Updated: September 17, 2019 8:11:13 pm
It has been exactly 10 days since the Chandrayaan-2’s Vikram lander lost its communication link with the ISRO ground station but in a boost to the space agency, a NASA orbiter is expected to reveal new information on its fate once it flies over the landing site on the Moon on Tuesday.
ISRO has said its efforts to restore the link have not been successful as of now.
NASA’s Lunar Reconnaissance Orbiter (LRO) will fly over the part of the Moon where the lander is lying after it lost contact with the ISRO control centre when it was 335 metres from the surface of the Moon on September 7.
The NASA orbiter is also likely to release the images that it takes of the lander. “NASA will share any before and after flyover imagery of the area around the targeted Chandrayaan-2 Vikram lander landing site to support analysis by the Indian Space Research Organisation,” spaceflightnow.com quoted Noah Petro, the LRO’s project scientist, as saying.
Thank you for standing by us. We will continue to keep going forward — propelled by the hopes and dreams of Indians across the world! pic.twitter.com/vPgEWcwvIa
— ISRO (@isro) September 17, 2019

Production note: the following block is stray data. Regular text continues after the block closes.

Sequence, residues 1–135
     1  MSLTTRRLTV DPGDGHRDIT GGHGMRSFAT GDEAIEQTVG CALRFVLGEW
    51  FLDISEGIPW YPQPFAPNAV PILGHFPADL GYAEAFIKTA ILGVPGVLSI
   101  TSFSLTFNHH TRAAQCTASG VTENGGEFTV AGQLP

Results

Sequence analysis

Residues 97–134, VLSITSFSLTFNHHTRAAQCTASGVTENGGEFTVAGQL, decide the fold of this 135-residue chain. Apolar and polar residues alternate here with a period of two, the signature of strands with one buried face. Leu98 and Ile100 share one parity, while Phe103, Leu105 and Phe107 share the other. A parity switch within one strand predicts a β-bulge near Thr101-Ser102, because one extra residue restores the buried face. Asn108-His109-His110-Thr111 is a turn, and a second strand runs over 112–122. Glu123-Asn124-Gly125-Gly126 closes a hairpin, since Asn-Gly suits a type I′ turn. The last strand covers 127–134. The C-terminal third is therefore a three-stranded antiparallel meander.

The LRO is a robotic spacecraft currently orbiting the Moon. It studies the Moon’s surface, clicks pictures, and collects data that help in figuring out the presence and possibility of water ice and other resources on the Moon, as well as plan future missions to it.
The Chandrayaan-2 orbiter has since located and taken thermal images of the lander on the Moon but ISRO has so far not provided any details of its condition. Former scientists have reasoned that a hard landing on the surface of the Moon might have disabled the communication system on ISRO’s Vikram lander.
The mission life of the lander is one lunar day (14 earth days) since solar panels mounted on the body of the lander are the primary source of power for various systems, including communications.
Technically, the systems on the lander will have no source of power from September 21, when the lunar day ends, making it difficult for ISRO to make any contact with the lander subsequently.
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